The new poll also provides some insight into whether Iowa voters feel the U.S. Supreme Court’s vacancy should be filled prior to the election.
Majority Republicans in the U.S. Senate have an opportunity to replace liberal Justice Ruth Bader Ginsburg, who died last week, with a conservative justice. Democrats argue Republicans should wait until after the election to fill the seat, since Republicans stalled the process in 2016 when there also was a Supreme Court vacancy during an election year.
Ernst said this week she supports the decision by Senate Republican leadership to move forward with the process of confirming a new justice before the election.
The Monmouth poll shows strong partisan feelings on the topic: 93% of Ernst supporters would approve of the Senate confirming a new justice before the election, while 95% of Greenfield supporters would disapprove of such a move.
However, among undecided Iowa voters and those who say their support for a Senate candidate is “soft,” 51% said they would disapprove of the Senate confirming a new justice before the election, while just 41% said they would approve of such a move.
“This is going to be an interesting decision for Ernst. There are enough persuadable voters out there to swing this race in either direction. Whether a Supreme Court vote would be a decisive factor for them remains to be seen,” Murray said.
Monmouth surveyed 402 registered voters in Iowa from September 18 to September 22, using a mix of live landline telephones and mobile phones. For statewide results, the poll’s margin for error is plus or minus 4.9 percentage points.
The Monmouth poll results are similar to results from the latest Selzer and Co. Iowa Poll, published earlier this week by the Des Moines Register. In that Iowa Poll, Trump and Biden were deadlocked at 47%, and Greenfield led Ernst by three points, 45% to 42%.
A New York Times/Siena College poll, also published this week, had Biden leading Trump by three points, 45% to 42%, and Greenfield ahead of Ernst by two points, 42% to 40%.
COVID-19 has claimed another life in Winnebago County, bringing the total number of people who've died from the virus to 13.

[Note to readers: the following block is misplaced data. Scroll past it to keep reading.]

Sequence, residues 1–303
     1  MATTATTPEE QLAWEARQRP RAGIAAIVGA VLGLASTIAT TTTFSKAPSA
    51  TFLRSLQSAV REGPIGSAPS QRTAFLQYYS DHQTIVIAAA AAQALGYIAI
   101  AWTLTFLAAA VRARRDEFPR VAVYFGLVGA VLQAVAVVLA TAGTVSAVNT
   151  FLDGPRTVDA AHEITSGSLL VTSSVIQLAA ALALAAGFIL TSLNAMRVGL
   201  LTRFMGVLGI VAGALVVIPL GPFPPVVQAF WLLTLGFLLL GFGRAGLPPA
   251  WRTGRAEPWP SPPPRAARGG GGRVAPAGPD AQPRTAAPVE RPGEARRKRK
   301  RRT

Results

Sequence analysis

And the state Department of Public Health is reporting a second outbreak at a long-term care facility, the Timely Mission Nursing Home in Buffalo Center.
The home reported on its website on Sept. 14 that a resident had tested positive for COVID-19. Since then, 12 additional residents and five staff members tested positive. None have recovered yet, according to the IDPH.
All residents and staff have been tested and are continuing to be monitored, according to the nursing home's website.
Winnebago is one of five counties in the state with two or more outbreaks in long-term care facilities. The other four are Polk, Black Hawk, Clinton, Muscatine and Scott counties.
Good Samaritan in Forest City reported an outbreak of 51 cases between residents and staff in late August, 39 have recovered, according to the IDPH.
Winnebago County is experiencing an overall surge in positive test results as well, according to the state data. On Sept. 11, 19 people reported positive test results, according to the IDPH, a one-day record for the county.
As of Sept. 24, the rolling 14-day total of positive cases was 94 and the percentage was 9.8 percent, compared to 11 percent statewide. Nearly 3,000 Winnebago residents have been tested, and 288 received positive results.
Winnebago County Public Health Clinical Manager Allison Rice said the spike is attributable mostly to the Timely Mission Nursing Home outbreak, but also to the start of school at Waldorf University and at area districts.
On its website, Waldorf noted that its status level was "orange," or that "transmission levels have further depleted or exhausted institutional resources." Testing results at the school as of Sept. 23 were 63 positive, with 24 recovered in 43 in isolation, according to the site. Under orange status, the school's mitigation efforts may including scaling back in-person courses and events including athletics and performing arts; modifying campus office accessibility, restricting access to residence halls and changing dining options.
"In the schools, we're seeing [positive test results] pretty evenly distributed across the county," Rice said.
On Thursday afternoon, the Forest City School District canceled the high school football team's next two games.
"The Forest City CSD Football program has notified West Marshall and Iowa Falls-Alden that our Varsity team will be unable to play on Friday, September 25, and Friday, October 2, due to COVID-19 testing and contract tracing," Superintendent Darwin Lehmann said in a statement sent out to district families.
Rice said Winnebago County Public Health is continuing to do contact tracing on anyone who tests positive, but the data is clear that community spread is happening in the county.
There's nothing new to be said about combating it.
"We just continue to recommend the obvious," she said. "Follow all the same mitigation strategies: social distancing, wash your hands, wear a mask.
And if you're sick, stay home.
"Everybody assumes it's just a cold," Rice said, "but you don't know that until COVID is ruled out."